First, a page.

Monday, April 13, 2015

K is for Kill Your Darling

This topic works well with editing because first draft is not the time to try and let go of a darling, no matter what form it takes. Even second draft is a bit too early. But nearing the end in rewrites and edits, that is a great time to kill the darlings and thus my topic for day K in the A to Z blog challenge.

Kill Your Darlings

What does it mean?
It is a reference to certain parts of a manuscript that the writer (creator) has grown attached to for varying reasons but it ends up not being a necessary part. The part can be a character, phrase, joke, description, setting or other forms within a draft. While it may be a great piece of writing, the love felt by the writer is not as experienced by the  reader who will find the bit superfluous and unnecessary. Think about those long paragraphs of description that you skipped in that book you had to read years ago. It's something like that. While it was good at the time, in that edit phase, sometimes the good sounding needs to go if it doesn't do enough for the story as a whole.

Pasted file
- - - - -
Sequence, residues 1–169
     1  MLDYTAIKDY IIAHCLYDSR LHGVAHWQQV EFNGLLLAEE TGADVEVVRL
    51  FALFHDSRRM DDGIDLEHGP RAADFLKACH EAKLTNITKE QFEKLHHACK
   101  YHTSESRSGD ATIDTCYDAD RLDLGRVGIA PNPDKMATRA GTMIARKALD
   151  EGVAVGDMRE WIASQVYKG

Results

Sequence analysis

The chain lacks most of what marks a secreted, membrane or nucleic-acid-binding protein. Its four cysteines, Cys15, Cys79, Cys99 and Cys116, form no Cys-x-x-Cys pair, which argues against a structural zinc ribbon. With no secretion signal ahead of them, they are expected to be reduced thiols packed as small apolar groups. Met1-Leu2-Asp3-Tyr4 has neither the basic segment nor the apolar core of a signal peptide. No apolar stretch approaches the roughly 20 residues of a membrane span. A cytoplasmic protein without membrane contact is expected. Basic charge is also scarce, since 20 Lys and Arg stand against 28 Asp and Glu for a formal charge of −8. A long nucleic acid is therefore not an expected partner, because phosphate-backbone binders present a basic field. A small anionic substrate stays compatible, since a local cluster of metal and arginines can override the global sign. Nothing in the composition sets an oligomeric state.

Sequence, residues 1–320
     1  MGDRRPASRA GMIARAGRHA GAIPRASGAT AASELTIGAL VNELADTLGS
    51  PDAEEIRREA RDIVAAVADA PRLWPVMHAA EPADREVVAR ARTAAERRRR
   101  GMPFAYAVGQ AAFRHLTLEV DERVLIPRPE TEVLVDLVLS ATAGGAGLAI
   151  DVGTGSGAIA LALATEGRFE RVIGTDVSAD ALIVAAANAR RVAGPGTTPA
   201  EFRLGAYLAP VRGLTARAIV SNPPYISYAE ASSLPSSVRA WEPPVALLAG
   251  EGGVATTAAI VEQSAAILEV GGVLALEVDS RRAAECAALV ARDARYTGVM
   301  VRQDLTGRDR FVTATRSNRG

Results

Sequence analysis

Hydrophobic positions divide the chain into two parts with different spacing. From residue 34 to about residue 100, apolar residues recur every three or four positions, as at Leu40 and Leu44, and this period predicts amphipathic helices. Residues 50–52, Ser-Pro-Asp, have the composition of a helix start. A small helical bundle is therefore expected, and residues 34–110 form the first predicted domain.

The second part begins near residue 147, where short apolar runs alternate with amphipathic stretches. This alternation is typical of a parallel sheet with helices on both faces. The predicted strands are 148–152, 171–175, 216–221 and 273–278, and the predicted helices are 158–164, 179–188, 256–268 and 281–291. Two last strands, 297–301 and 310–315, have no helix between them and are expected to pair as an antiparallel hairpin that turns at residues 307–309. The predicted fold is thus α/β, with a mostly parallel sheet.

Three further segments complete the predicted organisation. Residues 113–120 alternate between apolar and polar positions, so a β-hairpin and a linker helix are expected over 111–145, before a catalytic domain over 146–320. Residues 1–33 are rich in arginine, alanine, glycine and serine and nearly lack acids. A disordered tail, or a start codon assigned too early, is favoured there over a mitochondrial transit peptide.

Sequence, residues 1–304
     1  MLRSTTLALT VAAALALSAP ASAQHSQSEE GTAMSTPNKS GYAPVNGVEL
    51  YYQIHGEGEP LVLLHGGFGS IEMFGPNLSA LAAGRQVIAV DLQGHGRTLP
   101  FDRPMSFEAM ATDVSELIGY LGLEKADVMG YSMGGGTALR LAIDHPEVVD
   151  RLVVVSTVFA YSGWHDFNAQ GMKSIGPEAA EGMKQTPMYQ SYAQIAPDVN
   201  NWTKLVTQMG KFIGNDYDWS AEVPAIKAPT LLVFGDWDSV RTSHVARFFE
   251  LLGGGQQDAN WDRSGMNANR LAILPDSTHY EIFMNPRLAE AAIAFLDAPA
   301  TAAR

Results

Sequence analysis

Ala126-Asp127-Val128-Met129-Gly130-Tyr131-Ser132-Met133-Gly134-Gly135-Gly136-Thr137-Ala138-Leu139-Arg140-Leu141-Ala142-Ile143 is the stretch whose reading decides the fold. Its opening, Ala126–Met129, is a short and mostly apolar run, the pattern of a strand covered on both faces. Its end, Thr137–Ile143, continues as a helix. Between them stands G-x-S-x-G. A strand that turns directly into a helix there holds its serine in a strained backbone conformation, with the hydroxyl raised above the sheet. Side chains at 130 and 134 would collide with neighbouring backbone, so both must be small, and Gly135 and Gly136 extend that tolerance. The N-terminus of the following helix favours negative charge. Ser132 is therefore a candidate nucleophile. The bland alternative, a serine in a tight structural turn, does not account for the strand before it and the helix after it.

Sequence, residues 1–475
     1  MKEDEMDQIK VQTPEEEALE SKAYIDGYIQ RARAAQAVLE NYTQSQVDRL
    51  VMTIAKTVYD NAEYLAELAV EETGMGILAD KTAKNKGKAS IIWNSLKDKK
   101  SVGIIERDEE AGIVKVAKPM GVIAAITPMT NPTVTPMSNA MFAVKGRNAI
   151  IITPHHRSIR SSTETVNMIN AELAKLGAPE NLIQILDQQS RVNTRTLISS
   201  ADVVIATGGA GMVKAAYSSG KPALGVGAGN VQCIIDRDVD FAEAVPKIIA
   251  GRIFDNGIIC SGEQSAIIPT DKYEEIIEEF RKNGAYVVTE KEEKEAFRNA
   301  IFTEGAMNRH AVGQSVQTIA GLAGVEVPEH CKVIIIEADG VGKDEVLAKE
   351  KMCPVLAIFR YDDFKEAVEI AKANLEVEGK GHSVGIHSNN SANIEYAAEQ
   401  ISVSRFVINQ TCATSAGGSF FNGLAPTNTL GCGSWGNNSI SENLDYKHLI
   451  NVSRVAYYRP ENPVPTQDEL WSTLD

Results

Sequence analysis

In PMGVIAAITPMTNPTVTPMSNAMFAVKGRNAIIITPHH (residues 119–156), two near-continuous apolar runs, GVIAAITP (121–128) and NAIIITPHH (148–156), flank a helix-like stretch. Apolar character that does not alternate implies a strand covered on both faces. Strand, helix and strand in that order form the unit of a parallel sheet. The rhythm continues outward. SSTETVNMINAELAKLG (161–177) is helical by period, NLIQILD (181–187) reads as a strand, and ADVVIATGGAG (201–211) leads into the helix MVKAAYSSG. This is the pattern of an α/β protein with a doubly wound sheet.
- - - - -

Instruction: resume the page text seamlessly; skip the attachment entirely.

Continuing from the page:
I haven't had too much experience with the full kill your darling concept just yet. While I like many aspects of the stories, there aren't many particular paragraphs, descriptions (pfft, still need to add those), or even characters that need cut that would cause me pain in doing so. I may kill a character some day in a series, my apologies to readers in advance for that, but so far,  haven't had to kill many darlings in edits. But this is my first major edit. Never know what the other novels will need.

Links to peruse:

Have you had to kill your darling? What kind of darlings do you find the most in editing?


Susan Kane said...

I haven't personally killed any character lately, but Game of Thrones sure has that habit.